Temptation in the Wilderness

Credits: James Robinson (writer), Randy Green & Allen Im (pencilers), Scott Hanna w/Scott Koblish (inkers), Mike Thomas (colors), Comicraft (letters)

Summary: While in a telepathic trance, Cable is contacted by his biological mother, Madelyne Pryor. She mentally escorts him through Mr. Sinister’s original lab in London, Cyclops’ childhood orphanage, the Alaskan home she shared with Cyclops, and the site of her death. She asks Cable to give her life meaning and help her destroy mutantkind. Cable responds that Jean Grey is his true mother. Before breaking out of his trance, he tells Madelyne that her former home in Alaska could be a neutral meeting place. Meanwhile, the Askani monk has an epiphany and contacts Sebastian Shaw.

Continuity Notes: This takes place shortly after Cyclops and Phoenix encountered Madelyne Pryor in X-Man #25. She was resurrected months earlier as some sort of psychic projection by X-Man.

Review: James Robinson’s brief run begins here, resolving one of the lingering implications of Madelyne Pryor’s resurrection. If Madelyne Pryor really is going to be walking around in the X-Universe, there’s got to be some acknowledgment in her son’s title. Robinson takes the position that Madelyne wants revenge on all mutantkind because she’s still angry with Cyclops, which doesn’t exactly fit with her appearances in X-Man. (In that series, she was a virtual blank slate who was attracted by the power offered to her by the Hellfire Club.) At any rate, Robinson actually handles her irrational personality fairly well, and he manages to keep her conversation with Cable interesting throughout the issue. Todd Dezago dropped hints that Cable would have to pursue his mission against Apocalypse soon, which is a thread Robinson adopts and even works into his conversation with Madelyne. She questions why Cable hasn’t killed Apocalypse even though he’s been in this timeline for years, a question Cable can’t answer. Of course, the real reason is because this is Cable’s retconned motivation (his original arch-nemesis from the future was supposed to be Stryfe), but Robinson at least tries to make it a story point. This is another issue with a standalone main plot and only brief hints of an ongoing storyline, but it doesn’t feel as aimless. A plot thread from another title that needed to be acknowledged is addressed, and Robinson does a little character work with Cable along the way. Not bad.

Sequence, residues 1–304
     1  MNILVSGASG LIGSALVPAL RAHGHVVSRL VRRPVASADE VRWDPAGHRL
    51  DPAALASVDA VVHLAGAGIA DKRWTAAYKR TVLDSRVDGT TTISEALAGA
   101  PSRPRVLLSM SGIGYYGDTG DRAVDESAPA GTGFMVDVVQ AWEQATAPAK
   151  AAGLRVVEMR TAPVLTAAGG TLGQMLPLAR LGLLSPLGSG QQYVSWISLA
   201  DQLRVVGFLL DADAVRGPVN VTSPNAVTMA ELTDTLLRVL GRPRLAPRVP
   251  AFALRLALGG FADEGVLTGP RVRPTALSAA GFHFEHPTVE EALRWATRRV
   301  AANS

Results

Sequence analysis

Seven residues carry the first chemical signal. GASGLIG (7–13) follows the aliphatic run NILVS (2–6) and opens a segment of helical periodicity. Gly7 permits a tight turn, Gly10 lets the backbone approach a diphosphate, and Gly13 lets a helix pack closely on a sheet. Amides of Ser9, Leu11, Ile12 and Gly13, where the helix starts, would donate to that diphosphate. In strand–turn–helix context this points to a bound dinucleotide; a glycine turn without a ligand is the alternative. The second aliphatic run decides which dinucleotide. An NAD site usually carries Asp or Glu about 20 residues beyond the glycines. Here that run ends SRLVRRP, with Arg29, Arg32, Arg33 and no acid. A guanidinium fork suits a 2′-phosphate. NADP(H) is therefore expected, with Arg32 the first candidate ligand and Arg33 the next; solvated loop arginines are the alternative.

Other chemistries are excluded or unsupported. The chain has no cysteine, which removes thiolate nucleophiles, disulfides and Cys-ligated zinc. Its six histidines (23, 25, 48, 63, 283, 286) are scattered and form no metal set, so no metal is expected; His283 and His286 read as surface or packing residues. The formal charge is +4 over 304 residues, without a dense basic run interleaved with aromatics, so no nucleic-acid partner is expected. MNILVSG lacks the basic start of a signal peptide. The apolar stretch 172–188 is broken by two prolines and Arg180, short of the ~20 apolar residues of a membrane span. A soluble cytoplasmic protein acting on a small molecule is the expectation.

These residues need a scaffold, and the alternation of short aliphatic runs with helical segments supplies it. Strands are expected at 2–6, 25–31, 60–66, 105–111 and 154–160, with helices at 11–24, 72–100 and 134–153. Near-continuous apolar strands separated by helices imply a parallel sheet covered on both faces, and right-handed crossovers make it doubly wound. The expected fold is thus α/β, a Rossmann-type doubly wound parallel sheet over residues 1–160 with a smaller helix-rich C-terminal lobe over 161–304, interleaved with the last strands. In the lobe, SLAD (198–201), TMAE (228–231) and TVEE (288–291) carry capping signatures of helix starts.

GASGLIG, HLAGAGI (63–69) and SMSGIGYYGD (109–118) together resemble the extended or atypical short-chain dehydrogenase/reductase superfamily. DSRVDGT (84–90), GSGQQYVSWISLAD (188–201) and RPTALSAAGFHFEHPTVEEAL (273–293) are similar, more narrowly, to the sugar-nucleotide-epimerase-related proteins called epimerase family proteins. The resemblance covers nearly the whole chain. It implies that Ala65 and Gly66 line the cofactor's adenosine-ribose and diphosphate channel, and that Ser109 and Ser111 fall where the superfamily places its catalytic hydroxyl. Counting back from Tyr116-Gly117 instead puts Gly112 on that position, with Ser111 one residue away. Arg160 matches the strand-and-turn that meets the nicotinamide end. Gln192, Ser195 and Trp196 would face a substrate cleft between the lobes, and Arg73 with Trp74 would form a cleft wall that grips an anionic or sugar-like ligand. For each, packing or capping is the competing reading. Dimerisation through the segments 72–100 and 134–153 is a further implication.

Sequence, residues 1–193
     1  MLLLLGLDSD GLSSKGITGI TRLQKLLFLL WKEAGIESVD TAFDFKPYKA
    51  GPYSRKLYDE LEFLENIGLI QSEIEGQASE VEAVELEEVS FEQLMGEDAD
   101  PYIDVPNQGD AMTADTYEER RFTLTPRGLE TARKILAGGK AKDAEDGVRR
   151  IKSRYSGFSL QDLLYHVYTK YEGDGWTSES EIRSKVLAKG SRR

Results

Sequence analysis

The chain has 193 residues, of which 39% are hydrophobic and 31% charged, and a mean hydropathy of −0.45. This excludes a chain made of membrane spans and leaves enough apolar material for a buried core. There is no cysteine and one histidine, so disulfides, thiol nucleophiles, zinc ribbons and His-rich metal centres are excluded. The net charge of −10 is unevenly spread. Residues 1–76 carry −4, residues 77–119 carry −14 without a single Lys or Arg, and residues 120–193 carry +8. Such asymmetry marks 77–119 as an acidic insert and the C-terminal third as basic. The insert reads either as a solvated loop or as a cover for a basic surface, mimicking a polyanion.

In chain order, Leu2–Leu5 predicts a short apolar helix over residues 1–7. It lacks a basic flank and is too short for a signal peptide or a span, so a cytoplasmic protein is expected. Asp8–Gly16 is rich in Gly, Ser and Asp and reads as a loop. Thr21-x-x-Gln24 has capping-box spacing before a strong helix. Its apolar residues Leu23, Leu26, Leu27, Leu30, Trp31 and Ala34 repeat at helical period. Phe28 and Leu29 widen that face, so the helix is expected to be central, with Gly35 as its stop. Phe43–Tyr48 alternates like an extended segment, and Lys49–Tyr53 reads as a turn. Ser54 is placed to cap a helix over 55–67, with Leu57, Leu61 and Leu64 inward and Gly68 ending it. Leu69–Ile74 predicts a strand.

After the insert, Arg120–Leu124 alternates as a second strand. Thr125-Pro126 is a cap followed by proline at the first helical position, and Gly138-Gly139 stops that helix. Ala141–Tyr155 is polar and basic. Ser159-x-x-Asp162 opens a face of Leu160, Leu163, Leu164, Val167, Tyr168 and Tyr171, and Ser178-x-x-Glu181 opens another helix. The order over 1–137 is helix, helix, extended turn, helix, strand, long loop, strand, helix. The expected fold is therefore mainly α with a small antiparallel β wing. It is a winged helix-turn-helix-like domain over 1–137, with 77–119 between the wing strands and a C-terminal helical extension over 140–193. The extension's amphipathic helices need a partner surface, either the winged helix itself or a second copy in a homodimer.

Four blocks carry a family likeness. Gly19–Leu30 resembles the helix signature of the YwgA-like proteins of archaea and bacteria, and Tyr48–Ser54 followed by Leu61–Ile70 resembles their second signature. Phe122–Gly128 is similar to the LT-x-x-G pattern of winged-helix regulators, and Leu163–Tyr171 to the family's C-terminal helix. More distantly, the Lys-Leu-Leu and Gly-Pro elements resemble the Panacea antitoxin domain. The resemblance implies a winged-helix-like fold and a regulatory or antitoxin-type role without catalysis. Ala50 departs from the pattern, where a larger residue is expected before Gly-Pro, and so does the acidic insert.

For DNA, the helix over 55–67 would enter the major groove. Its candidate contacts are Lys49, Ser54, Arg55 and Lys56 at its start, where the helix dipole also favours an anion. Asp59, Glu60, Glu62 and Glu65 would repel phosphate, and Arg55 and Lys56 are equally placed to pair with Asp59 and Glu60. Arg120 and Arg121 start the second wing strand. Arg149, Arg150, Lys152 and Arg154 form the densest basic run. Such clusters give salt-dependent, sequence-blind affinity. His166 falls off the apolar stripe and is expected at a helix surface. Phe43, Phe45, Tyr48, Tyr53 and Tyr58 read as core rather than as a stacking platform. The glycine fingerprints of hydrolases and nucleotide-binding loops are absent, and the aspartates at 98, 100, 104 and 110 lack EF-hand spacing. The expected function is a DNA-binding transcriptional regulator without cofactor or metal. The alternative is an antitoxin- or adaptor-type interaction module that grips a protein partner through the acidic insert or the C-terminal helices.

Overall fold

1 comment:

ray swift said...

Wow, I actually enjoy a Cable issue. I guess there is always a first time. Robinson is making gems from sand and stones. He actually took all the senseless mess that proceed him and maked a really intriguing dialogue and story. Madyy's passion and Cable's distance both looked very real. And it didn't conclude in Maddy's declaring Cable as her enemy despite him turning her down, like other writers at marvel in that time would have probably done.